Mobile Users Abandon Websites – 5 Reasons

Home / Mobile Users Abandon Websites – 5 Reasons

1. Non Responsive Websites
The mobile web continues to grow, with reports over Christmas revealing mobile commerce make up 37 % of all online retail sales. The majority of larger brands have a responsive site that will reconfigure its screen according to screen size.
2. Popups.
Popups are usually bad, however are particularly undesirable on a small mobile screen. They obscure the content and are typically hard to close, with a tiny ‘x’ in the corner.


Page Authority



3. Poor Payment Options.
Payments stay one of the most significant barriers to mobile commerce. Users currently have the following alternatives:- It is all well and good increasing page authority to bring a webpage further up the rankings, but if the e-commerce part of the website functions poorly the internet marketing potential of the website is not optimised effectively.
a)Enter credit or debit card details manually (can be tedious, even on a well optimised website).
b)Use conserved payment and address details from previous purchases. This is among the reasons for Amazon’s success on mobile.
c)Use an alternative payment alternative like PayPal. In this manner, users need only get in an e-mail address and password.

4. Tiny links.
Hyperlinks on mobiles websites, specifically calls to action, should be easy and easily visible to click. They must likewise be enough area in between them to avoid unintended clicks.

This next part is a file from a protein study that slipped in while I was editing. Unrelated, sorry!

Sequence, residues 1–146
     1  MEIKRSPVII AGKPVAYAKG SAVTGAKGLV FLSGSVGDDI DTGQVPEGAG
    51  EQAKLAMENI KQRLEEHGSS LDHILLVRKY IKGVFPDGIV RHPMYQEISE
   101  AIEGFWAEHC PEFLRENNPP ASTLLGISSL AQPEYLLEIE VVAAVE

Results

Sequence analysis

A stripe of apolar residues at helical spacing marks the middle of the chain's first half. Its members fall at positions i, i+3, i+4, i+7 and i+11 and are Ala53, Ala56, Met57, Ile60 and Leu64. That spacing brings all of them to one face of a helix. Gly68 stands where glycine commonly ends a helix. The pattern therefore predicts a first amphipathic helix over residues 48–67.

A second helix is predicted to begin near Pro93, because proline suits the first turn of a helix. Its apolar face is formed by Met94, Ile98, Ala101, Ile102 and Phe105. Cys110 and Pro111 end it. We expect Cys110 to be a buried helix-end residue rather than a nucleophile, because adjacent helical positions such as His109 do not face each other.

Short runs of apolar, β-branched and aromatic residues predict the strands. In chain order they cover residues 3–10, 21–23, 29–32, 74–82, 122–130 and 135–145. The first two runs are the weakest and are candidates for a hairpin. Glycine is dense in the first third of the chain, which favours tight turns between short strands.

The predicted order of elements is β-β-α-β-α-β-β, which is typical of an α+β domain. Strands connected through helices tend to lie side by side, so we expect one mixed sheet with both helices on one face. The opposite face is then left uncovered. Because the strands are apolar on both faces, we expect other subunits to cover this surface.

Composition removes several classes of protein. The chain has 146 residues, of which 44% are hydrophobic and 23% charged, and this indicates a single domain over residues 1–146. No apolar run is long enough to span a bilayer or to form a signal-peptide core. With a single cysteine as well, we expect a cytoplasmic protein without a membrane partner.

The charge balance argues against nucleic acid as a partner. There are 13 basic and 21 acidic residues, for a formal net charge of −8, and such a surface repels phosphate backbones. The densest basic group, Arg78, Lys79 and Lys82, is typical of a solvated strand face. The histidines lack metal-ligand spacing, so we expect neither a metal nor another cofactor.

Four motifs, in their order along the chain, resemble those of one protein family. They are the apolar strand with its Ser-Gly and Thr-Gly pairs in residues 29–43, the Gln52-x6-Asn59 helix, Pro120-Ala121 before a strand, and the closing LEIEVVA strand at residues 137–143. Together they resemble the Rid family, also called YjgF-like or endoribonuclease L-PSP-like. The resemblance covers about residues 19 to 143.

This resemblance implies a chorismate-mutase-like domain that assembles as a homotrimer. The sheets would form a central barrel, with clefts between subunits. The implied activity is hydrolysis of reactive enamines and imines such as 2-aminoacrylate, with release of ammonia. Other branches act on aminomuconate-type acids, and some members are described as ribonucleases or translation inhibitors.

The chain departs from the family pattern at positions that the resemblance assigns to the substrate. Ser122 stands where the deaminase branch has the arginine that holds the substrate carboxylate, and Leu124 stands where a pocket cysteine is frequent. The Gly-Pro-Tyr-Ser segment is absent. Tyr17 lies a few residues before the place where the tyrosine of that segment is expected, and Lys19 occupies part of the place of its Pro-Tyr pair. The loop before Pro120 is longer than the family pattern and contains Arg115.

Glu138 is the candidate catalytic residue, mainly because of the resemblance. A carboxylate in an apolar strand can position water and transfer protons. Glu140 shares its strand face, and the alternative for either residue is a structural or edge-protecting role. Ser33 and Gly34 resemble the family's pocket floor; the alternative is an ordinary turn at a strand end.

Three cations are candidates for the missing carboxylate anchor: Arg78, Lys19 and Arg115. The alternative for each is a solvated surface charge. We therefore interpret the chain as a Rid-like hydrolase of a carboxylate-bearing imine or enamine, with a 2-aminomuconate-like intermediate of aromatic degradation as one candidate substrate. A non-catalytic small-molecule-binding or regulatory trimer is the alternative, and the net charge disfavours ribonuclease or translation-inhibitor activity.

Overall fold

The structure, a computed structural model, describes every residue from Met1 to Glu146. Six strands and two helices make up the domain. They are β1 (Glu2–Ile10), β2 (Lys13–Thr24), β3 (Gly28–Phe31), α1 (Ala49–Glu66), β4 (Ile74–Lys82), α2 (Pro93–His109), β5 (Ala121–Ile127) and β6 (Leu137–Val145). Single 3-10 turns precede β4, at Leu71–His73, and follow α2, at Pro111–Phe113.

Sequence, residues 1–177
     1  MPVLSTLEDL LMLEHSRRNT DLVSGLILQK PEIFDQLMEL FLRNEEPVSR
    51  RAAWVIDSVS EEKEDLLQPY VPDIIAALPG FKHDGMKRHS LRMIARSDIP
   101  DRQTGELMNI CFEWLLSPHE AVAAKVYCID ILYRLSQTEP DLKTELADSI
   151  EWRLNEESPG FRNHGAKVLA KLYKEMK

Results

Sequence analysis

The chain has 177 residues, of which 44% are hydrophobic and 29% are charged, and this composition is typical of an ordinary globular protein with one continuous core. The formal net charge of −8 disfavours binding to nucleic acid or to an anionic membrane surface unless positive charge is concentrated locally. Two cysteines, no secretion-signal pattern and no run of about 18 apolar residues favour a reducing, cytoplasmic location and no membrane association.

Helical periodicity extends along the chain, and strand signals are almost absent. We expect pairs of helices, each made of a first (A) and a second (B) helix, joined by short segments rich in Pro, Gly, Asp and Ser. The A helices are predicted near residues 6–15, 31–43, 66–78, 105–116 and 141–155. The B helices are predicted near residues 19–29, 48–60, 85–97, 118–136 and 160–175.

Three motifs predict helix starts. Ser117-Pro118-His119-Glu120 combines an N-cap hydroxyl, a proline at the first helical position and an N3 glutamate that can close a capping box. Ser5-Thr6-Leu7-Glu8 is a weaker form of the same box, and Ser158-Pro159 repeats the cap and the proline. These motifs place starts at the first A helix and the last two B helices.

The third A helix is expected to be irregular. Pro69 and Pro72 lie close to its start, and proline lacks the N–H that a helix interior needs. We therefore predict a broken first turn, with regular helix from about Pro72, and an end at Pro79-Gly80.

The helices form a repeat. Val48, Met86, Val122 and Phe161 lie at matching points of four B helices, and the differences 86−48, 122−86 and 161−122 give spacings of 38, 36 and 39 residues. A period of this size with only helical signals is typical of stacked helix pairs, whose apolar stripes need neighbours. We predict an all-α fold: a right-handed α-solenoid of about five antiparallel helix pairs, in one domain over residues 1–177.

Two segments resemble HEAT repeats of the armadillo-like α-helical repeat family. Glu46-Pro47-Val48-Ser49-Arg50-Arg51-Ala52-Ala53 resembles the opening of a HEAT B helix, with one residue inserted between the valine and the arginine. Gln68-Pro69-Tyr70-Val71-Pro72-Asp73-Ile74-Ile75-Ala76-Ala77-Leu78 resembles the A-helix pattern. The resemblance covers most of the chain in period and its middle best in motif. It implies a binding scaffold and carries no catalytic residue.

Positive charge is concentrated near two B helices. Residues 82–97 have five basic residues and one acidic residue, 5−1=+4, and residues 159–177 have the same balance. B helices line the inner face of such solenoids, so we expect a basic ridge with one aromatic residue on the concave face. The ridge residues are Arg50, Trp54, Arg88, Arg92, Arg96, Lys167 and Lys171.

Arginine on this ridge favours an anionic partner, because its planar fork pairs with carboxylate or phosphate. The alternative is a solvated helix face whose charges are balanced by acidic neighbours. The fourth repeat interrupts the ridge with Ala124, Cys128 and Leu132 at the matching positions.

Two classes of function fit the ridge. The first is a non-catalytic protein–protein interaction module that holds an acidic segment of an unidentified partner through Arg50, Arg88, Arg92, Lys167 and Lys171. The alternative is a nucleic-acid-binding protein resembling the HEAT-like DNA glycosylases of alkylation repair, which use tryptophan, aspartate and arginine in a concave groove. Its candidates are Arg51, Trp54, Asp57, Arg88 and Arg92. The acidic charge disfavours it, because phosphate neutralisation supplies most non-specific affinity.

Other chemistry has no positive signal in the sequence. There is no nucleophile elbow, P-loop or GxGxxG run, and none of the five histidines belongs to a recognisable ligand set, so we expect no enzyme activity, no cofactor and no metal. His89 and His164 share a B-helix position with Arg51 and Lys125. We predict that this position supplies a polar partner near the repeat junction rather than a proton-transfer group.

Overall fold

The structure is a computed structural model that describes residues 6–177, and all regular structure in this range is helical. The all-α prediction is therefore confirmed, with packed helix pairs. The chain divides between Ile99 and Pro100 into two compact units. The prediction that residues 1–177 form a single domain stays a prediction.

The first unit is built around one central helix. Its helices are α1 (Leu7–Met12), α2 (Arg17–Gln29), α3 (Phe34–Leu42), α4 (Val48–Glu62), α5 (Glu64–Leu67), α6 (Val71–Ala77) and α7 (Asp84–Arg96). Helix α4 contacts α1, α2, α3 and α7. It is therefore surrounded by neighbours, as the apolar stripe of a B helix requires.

It’s still all too common for websites to think they can make do with fiddly little links and buttons that are difficult to press and exceptionally irritating. An optician with a special interest in dyslexia, treats those dyslexics with reading difficulties with reading difficulties with colour tinted lenses. A specialist dyslexia test is required and the optimum colour for the lenses is determined with an instrument called a coloritmeter. Ironically, reading tiny links on an optician’s website reduced new clients. The website was updated to WordPress by a web designer in the Chingford area and new clients with dyslexia became more frequent.
5. Sluggish loading pages.
Page load speed is vital in ecommerce, and if anything it’s probably more important in mobile commerce as people commonly rely on their phones when they’re sidetracked or seeking to consume time, so they do not want to linger for ages while pages load. A telephone answering firm provides swift response on behalf of many clients but its website has not been updated for three years. As a result, the number of new clients requiring call answering is falling. The website is in the process of being updated.
And though websites can do little about unreliable 3G connections they can easily take action to restrict their page sizes and strip out any unnecessary content or functions.
Not an ecommerce site, Facebook’s app made use of to be one of the most painfully sluggish mobile experiences around, though Thomas Cook’s site beats it hands down.
The loading ‘circle’ is an all too familiar website sometimes.

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